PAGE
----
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Ergo Mosaik: Build, dockerize and deploy#

In our Mosaik tutorial series, we've built a Mosaik app using Spring Boot. It runs perfectly on our local machine, but what we really want is other people enjoying our application. These people might not want to deal with Gradle and Git, so let's see how we can bring our app to them!

All examples here are done to our Mosaik example app we've built in the tutorial series. You can find the repository on GitHub.

Building the jar#

Although we used Kotlin to write parts of our application, it compiles to a plain JAR file - a Java ARchive. That is a good thing: Java is a widely used language for applications and runs on all desktop and server systems. The only prerequisite to run a JAR file is installing a JRE - a Java Runtime Environment - first.

Building the jar file for your Mosaik app based on Spring Boot is quite simple: You do it with the gradlew bootJar command. When this finished, you will find your compiled jar in the build/libs subdirectory. It is named with the project name and version, so in our case it is mosaikapp-0.0.1-SNAPSHOT.jar. Try running it with java -jar mosaikapp-0.0.1-SNAPSHOT.jar: Your application starts up and the Mosaik app is served on your local network.

You can now give this JAR file to other people to run it, or run it on a server. For running it on a server, it often is needed to pack the application into a Docker container. We'll do that next!

Dockerizing the jar#

Docker is an application to package and run your application within its own predefined container. You already know that you need a JRE to run the application. With Docker, you can build an image with an installed Java and your application, and with predefined commands to run your application. This is not aiming to end users: for end users it is better to download JRE and run your application manually. But on servers, it is very good to have an image defining what to spin up and how, and Docker is usually available. It is also prerequisite to host your application on Flux, which is a natural fit for dAps and Ergo is partnering with.

To dockerize your application, place a plain text file named dockerfile on the root level of your Mosaik app repo (next to gradlew and build.gradle files) with the following content:

    # syntax=docker/dockerfile:1
    FROM eclipse-temurin:17-jdk-jammy
    COPY build/libs/mosaikapp-0.0.1-SNAPSHOT.jar app.jar
    EXPOSE 8080
    ENTRYPOINT ["java","-jar","/app.jar"]

The first line is defining the docker file syntax and not interesting for us. The second line is the most powerful one: It defines that our Docker image will built up on the definitions of a Docker image called eclipse-temurin:17-jdk-jammy - it is an image shipping a Java 17 JDK. Find more information on the project page.

The third line copies our jar we've built before into the Docker image, and the last line defines running it is the "entry point" to the container image.

Our Spring Boot server runs on port 8080, so line 4 defines that this port is exposed when the image runs in a Docker container.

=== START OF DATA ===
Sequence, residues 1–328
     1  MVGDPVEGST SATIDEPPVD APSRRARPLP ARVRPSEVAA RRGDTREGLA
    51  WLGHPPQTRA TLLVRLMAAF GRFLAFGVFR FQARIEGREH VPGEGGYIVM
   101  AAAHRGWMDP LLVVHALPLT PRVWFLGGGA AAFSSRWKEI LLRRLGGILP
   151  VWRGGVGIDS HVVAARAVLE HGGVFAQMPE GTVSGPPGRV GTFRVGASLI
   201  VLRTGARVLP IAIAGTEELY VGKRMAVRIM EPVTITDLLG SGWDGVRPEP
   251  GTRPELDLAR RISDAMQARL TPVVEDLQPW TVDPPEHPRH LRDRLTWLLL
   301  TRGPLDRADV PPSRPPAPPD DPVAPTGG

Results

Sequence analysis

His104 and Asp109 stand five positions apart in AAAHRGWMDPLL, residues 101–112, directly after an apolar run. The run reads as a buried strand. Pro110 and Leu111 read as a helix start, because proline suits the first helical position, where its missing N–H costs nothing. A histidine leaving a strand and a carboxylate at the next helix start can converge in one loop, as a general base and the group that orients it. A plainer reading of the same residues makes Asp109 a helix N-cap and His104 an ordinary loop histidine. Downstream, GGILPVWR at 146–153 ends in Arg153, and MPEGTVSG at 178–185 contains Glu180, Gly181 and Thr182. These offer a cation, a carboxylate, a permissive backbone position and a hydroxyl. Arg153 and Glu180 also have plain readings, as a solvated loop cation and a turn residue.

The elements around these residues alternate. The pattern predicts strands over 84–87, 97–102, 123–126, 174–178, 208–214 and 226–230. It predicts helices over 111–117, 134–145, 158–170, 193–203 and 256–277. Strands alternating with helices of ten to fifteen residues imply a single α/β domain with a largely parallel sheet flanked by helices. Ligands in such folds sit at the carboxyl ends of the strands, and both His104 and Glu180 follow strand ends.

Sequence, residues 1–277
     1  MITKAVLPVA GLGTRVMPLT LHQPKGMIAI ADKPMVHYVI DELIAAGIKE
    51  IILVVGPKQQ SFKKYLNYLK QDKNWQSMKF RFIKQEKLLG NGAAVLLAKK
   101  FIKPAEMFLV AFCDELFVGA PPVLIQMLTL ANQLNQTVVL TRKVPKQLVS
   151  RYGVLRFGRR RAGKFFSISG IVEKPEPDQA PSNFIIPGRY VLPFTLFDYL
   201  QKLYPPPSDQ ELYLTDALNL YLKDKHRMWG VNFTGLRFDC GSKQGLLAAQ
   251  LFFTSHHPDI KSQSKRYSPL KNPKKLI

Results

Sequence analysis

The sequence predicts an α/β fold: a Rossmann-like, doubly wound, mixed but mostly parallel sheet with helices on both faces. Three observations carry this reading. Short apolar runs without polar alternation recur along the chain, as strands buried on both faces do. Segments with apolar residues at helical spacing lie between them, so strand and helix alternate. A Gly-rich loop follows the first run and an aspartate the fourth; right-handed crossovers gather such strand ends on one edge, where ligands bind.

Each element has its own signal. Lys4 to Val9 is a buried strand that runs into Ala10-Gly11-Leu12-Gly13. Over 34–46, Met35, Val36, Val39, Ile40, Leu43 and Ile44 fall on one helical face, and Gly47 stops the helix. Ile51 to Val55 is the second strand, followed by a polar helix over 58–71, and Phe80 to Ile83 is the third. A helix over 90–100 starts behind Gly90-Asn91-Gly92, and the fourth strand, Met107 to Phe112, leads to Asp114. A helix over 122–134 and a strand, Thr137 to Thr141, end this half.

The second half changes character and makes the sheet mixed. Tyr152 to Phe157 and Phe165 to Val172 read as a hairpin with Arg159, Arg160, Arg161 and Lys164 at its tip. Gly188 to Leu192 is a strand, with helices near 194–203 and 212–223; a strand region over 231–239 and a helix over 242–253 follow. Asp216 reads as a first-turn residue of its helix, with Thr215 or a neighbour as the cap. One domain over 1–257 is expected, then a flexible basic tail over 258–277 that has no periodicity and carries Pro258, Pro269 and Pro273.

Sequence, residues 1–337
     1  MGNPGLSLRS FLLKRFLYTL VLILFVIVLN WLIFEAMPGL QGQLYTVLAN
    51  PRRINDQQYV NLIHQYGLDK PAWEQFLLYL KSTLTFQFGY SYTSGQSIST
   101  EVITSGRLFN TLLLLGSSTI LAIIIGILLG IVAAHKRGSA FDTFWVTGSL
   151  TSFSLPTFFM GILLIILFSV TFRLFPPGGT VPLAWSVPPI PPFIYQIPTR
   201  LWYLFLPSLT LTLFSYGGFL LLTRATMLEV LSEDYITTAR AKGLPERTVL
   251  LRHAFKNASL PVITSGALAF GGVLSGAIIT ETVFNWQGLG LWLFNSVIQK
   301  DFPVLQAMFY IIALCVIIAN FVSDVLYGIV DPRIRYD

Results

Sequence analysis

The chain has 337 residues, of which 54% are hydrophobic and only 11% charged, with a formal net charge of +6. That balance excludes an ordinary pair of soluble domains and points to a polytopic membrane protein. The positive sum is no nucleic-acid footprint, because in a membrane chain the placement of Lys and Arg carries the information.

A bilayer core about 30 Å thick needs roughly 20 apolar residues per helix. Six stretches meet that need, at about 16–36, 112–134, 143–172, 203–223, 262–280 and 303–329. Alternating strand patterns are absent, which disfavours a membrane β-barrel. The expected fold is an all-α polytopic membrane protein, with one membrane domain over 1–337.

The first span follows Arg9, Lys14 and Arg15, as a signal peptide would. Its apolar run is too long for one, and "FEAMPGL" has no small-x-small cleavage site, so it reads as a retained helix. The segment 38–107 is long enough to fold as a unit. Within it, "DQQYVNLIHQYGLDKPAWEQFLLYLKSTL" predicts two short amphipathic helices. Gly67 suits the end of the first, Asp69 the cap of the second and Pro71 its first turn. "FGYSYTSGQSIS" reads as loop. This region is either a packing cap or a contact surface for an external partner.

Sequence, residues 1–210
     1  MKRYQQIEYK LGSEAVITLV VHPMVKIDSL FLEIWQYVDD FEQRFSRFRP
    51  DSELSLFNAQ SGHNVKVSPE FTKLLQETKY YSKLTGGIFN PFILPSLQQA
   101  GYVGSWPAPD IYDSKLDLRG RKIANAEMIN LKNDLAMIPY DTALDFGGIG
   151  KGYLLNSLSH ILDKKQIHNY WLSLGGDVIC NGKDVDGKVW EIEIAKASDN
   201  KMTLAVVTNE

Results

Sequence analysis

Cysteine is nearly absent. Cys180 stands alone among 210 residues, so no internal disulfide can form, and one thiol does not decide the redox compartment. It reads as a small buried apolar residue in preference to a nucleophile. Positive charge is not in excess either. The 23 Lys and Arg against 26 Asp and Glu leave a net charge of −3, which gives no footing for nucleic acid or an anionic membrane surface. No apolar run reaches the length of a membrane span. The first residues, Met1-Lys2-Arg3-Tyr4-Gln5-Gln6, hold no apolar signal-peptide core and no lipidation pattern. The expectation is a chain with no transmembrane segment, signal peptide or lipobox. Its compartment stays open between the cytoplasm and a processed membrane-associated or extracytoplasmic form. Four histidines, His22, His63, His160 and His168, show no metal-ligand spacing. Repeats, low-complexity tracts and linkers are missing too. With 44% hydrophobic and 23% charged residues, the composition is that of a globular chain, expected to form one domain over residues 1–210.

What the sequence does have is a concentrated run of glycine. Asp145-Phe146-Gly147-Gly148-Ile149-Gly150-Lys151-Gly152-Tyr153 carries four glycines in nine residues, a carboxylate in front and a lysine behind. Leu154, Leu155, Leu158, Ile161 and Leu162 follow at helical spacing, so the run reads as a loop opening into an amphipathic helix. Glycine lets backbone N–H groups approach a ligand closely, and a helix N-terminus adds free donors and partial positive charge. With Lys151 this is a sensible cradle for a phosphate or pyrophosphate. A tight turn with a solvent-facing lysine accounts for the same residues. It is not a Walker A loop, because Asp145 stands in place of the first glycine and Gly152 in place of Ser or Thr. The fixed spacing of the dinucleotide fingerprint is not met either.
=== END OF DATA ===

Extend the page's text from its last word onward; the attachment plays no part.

With this file, we can build a Docker image. You'll need to install Docker on your system for this. You'll find information how to do so on Docker Docs. When Docker is installed, you can build the Docker image with a command like the following

docker build -t mosaikappexample:latest .

Don't miss the last character (point), it defines that docker build runs in the current directory. The -t ... parameter define a name and version tag for our image. When the build completes, you can run your image from Docker Desktop or command line and verify that your application works the same as run directly on your system. You can now push this image to remote Docker repositories to run it on other machines. There is also an official dockerhub repository that you'll need to sign up for and push to to deploy on Flux.

Deploy on Flux#

You can deploy your jar or docker image on any hosting provider. We emphasize Flux here because it is decentralized, can be paid with the Flux cryptocurrency and is very inexpensive for a Mosaik app.

Flux provides a step by step guide how to deploy an example app on their service. Besides the Docker image from the step before, you'll need a Zel ID and around 1 USD in Flux.

Follow the Flux guide to register your app, but take care on the following steps:

Step 1#

App name#

The app name defines on which URL your Mosaik app will be available later. Replace with this URL in your app source before building the Docker image.

Owner / Zel ID#

Don't confuse Zel ID with your ZelCore log in name. You find your Zel ID on the Zel ID app.

Step 2#

Run command#

You can leave it blank, our Docker image already defines its run command.

Step 3#

Public port#

You must enter a port here. Just enter 31000.


Leave it blank

Private ports#

Enter 8080 here, as this was the port our Spring Boot process is listening on.

Step 4#


You can leave it at 3


Your Mosaik app will perform okay on 0.1 processors, but of course it will be three times faster with 0.3 processors. Go for 0.1 if you want it as cheap as possible, or more if you want a better performance.


The Java process will take around 300 MB of RAM, so give it 1000 here to be safe to not run into problems.

SSD space#

Our image is around 750 MB in size, so give it 2 GB here to be safe.

Deploy on other hosters#

If you deployed to other hosters, feel free to enhance this guide.